Date of Award

Spring 1995

Document Type

Dissertation

Degree Name

Doctor of Philosophy in Electrical Engineering - (Ph.D.)

Department

Electrical and Computer Engineering

First Advisor

Michael Abueg Palis

Second Advisor

John D. Carpinelli

Third Advisor

Edwin Hou

Fourth Advisor

David Nassimi

Fifth Advisor

David Wei

Abstract

The problem of scheduling parallel programs for execution on distributed memory parallel architectures has become the subject of intense research in recent, years. Because of the high inter-processor communication overhead in existing parallel machines, a crucial step in scheduling is task clustering, the process of coalescing heavily communicating fine grain tasks into coarser ones in order to reduce the communication overhead so that the overall execution time is minimized.

The thesis of this research is that the task of exposing the parallelism in a given application should be left to the algorithm designer. On the other hand, the task of limiting the parallelism in a chosen parallel algorithm is best handled by the compiler or operating system for the target parallel machine. Toward this end, we have developed CASS (for Clustering And Scheduling System), a. task management system that provides facilities for automatic granularity optimization and task scheduling of parallel programs on distributed memory parallel architectures.

In CASS, a task graph generated by a profiler is used by the clustering module to find the best granularity al which to execute the program so that the overall execution time is minimized. The scheduling module maps the clusters onto a. fixed number of processors and determines the order of execution of tasks in each processor. The output of scheduling module is then used by a code generator to generate machine instructions.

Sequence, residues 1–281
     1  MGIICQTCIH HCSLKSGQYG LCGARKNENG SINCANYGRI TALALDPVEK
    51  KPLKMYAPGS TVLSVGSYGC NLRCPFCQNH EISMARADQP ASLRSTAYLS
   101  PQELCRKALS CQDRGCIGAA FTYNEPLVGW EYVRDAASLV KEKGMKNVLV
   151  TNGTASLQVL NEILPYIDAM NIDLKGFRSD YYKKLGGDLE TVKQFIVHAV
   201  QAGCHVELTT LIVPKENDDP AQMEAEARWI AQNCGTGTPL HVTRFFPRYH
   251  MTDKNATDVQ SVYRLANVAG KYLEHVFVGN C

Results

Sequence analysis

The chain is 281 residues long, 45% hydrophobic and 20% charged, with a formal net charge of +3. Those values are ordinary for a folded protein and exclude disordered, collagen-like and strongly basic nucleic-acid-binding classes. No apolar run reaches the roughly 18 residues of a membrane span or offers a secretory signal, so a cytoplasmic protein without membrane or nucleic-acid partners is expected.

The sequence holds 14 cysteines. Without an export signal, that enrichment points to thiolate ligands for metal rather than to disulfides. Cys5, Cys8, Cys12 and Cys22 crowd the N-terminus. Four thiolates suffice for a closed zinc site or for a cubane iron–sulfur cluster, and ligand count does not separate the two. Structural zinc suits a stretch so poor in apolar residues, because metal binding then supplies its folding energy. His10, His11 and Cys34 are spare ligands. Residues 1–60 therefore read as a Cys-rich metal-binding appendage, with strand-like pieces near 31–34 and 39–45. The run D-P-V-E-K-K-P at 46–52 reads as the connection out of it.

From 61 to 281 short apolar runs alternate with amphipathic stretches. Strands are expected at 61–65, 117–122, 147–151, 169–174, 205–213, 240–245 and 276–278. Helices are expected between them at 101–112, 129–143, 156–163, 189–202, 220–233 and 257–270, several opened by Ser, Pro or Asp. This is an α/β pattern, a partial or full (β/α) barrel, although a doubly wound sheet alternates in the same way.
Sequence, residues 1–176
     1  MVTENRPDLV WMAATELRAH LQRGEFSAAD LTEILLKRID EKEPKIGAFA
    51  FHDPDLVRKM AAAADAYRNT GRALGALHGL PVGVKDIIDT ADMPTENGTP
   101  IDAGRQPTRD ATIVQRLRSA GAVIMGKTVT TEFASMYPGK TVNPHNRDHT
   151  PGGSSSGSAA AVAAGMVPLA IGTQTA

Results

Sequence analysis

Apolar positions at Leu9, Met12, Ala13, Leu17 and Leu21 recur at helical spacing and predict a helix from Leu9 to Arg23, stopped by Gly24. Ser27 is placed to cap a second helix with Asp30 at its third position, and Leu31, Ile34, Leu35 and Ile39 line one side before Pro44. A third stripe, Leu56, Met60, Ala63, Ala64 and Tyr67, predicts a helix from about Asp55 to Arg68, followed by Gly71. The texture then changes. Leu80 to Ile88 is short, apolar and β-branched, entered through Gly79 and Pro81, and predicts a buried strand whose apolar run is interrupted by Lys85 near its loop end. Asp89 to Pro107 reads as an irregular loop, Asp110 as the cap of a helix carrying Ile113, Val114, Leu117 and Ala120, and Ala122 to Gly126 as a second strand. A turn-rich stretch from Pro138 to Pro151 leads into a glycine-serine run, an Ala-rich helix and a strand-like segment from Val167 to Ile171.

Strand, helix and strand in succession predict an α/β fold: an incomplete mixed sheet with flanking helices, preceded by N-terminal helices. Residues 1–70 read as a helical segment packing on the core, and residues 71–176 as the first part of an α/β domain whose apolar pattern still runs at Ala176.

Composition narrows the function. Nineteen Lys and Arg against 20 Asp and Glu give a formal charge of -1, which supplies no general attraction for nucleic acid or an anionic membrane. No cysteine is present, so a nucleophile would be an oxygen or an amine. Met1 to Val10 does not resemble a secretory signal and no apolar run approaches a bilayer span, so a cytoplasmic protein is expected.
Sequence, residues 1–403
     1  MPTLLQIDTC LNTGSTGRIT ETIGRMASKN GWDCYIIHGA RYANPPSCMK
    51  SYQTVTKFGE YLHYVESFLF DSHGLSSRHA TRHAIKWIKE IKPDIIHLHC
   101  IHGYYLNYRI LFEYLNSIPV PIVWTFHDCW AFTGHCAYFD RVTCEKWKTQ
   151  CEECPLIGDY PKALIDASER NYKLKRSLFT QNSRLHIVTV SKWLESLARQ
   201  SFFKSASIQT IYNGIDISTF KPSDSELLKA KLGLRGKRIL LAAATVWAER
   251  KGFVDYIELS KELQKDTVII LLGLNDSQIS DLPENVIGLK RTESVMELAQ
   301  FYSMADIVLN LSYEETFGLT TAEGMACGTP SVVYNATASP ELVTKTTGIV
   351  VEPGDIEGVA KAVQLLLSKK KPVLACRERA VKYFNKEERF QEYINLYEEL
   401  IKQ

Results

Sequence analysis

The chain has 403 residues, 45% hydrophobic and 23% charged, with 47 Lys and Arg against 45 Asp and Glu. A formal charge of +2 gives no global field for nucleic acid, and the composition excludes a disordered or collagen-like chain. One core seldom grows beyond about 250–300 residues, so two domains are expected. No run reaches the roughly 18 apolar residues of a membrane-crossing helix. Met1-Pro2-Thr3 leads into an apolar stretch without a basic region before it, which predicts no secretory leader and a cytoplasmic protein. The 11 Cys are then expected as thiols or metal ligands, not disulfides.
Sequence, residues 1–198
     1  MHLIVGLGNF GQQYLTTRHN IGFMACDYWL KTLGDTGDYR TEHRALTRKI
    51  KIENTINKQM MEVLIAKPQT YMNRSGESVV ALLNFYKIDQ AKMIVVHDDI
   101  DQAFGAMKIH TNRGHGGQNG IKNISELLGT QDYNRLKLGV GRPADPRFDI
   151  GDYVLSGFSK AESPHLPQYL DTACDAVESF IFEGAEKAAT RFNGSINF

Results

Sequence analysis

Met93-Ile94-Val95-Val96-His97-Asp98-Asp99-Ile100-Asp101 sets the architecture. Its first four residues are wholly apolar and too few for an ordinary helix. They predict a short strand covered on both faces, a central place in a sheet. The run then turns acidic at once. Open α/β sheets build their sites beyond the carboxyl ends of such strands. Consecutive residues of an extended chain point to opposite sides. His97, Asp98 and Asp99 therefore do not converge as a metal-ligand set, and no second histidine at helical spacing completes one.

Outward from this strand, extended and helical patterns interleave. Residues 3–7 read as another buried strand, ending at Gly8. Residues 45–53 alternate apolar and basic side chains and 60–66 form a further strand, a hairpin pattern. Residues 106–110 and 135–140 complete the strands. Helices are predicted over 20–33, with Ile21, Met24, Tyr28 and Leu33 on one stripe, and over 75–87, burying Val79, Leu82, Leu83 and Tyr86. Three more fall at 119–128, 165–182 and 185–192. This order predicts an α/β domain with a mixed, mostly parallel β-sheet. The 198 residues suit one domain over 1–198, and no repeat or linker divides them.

CASS employs two efficient heuristic algorithms for clustering static task graphs: CASS-I for clustering with task duplication, and CASS-II for clustering without task duplication. It is shown that the clustering algorithms used by CASS outperform the best known algorithms reported in the literature. For the scheduling module in CASS, a heuristic algorithm based on load balancing is used to merge clusters such that the number of clusters matches the number of available physical processors.

We also investigate task clustering algorithms for dynamic task graphs and show that it is inherently more difficult than the static case.

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